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PHP
Log in with PHP

Sometimes you may want to protect part of your website from unwanted visitors, for example, the page which allows you to change the settings of your website. This is possible in PHP. First of all, you have to organize your website and decide which parts you want to protect and which parts you want to keep open. Once you've decided which pages you want to protect, use this tutorial!!

Start by making a login form on a public page, where you will be able to enter your login data. This code can be included anywhere on the page.

 
<form method='post' action='login.php'>
 <table><tr><td>Username:</td><td><input type='text' name='username'></td></tr>
 <tr><td>Password:</td><td><input type='password' name='password'></td></tr>
 <tr><td></td><td><input type='submit' name='submit' value='Log in'></td></tr></table>
</form>
 

At the beginning, you specify the transfer method, in this case POST. The action attribute specifies which page the user will be sent to when he clicks the submit button. Then there's a table in which there are two input boxes and a submit button, one box for the username and the other one for the password.

Now we want to make a page (login.php) which checks if the user has put in a valid username-password combination and logs in the user. First you have to set the variable which checks if the user can log in to false to avoid some security problems:
 
$logIn = false
 

Then you have to check the user has the right to log in. In this tutorial I will use mysql data for the login credentials, but you can use any function you want in PHP. Just skip this part and set the variable we just made to true when the user can log in. First you have to connect to the mysql database:
 
//variables
$dbhost = 'localhost';
$dbuser = 'root';
$dbpassword = 'password';
 
//do the connection
$conn = mysql_connect($dbhost, $dbuser, $dbpassword) or die ('Error connecting to mysql');
 
//open a specific database
$dbname = 'myDatabase';
mysql_select_db($dbname, $conn);
 

Now we're connected, we want to test the user input. But don't forget the input has to be checked before putting it in the query, as some people find it funny to hack into your site.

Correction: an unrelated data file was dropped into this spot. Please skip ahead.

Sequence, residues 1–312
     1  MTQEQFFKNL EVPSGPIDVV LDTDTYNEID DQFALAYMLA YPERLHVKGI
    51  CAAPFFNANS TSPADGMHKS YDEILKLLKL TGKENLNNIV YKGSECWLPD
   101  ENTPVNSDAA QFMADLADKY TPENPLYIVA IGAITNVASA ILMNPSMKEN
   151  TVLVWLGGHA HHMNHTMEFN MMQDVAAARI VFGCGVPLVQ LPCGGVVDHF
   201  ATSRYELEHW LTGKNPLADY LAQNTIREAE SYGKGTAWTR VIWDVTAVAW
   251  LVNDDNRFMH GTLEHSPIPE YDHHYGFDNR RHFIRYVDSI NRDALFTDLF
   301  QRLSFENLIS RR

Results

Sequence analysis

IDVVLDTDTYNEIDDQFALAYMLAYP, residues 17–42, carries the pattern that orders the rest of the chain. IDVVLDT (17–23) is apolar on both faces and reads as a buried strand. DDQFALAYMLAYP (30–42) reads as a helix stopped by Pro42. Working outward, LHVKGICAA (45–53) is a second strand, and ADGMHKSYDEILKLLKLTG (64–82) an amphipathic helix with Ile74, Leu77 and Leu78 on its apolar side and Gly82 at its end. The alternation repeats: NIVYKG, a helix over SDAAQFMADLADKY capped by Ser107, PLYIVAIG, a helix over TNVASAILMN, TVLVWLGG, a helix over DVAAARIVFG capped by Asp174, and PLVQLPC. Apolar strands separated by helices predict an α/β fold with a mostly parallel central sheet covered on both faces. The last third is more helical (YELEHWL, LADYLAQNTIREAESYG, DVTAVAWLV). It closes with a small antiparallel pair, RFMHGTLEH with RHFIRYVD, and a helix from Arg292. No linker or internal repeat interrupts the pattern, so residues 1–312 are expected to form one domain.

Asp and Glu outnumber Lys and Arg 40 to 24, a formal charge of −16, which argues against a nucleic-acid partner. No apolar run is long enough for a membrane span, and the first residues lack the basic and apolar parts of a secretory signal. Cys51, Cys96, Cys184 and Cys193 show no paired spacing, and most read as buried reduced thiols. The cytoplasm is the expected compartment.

//First check the user input
if(get_magic_quotes_gpc()) {
 $username = stripslashes($_POST['username']);
 $password = stripslashes($_POST['password']);
} else {
 $username = $_POST['username'];
 $password = $_POST['password'];
}
$username = mysql_escape_string($_POST['username'], $conn);
$password = mysql_escape_string($_POST['password'], $conn);
//Then make the query and execute it
$query = "SELECT * FROM LOGINTABLE WHERE Username = '".$username."' and Password = '".$password."'";
$query_result = mysql_query($query);
//If there is one result the user can be logged in
if (mysql_num_rows($query_result)==1){
 $logIn = true;
}else{
 $logIn = false;
}
//And close the mysql connection
mysql_close($conn);
 

Remark: NEVER put the passwords of your users as clear-text in the database. This tutorial is to help you unerstand the basics of a login script, and shouldn't directly be used in a security-sensitive (non-local) context. See http://phpsec.org/articles/2005/password-hashing.html for more information.

The user input has been checked and the $logIn boolean has been set to the correct value. The user can now be logged in or sent back to the homepage of your site:

 
//If the user can log in
if($logIn){
 //Start the session and set the OK var to true
 session_start();
 $_SESSION["OK"] = true;
 
 //And send the user to the private part of your website
 header("Location: loggedIn.php");
}else{
 //If the user isn't logged in, send him back to the homepage
 header("Location: index.php");
}
die;
 

The user has been logged in and sent to the page which is reserved for the users who have logged in. But someone could try to access the page directly by accessing the page directly from his web browser. To prevent this, we have to check if the user has been logged in at each page request by including a file which checks if the Session variable has been set (check.php):

 
//Start the session if it hasn't been started yet
if(!defined("SESSIONSTARTED")){
 session_start();
}
//Check if the user has been logged in
if(!isset($_SESSION["OK"]) || $_SESSION["OK"] == false){
 //If he hasn't, send him back to the homepage
 echo "<meta http-equiv='refresh' content='3;URL=index.php'/>Please log in";
 die;
}
//Tell your program the session has been started. This will prevent some useless error messages
define("SESSIONSTARTED", 1);

Now we have a file we can include (actually require) at the beginning of each file where the user has to be logged in by using the following code:

 
require("check.php");
 
//Insert the rest of your code here
 

Congratulations! You now have a way to protect some of your pages. But there is still one more problem, the user needs to be able to log out. This is quite useful if you want to log in in a webcafe and you don't want the next person to access the site with your login data. We need one more page (logout.php) which logs out the user.

 
//First check if the user is logged in, this again prevents some error messages
include("check.php");
 
//Delete the session variables
unset($_SESSION["OK"]);
session_unset();
 
//And send the user back to the homepage
echo "<meta http-equiv='refresh' content='3;URL=index.php'/>You have been logged out";
 

You now have a fully working login system. You can download all files here.

 
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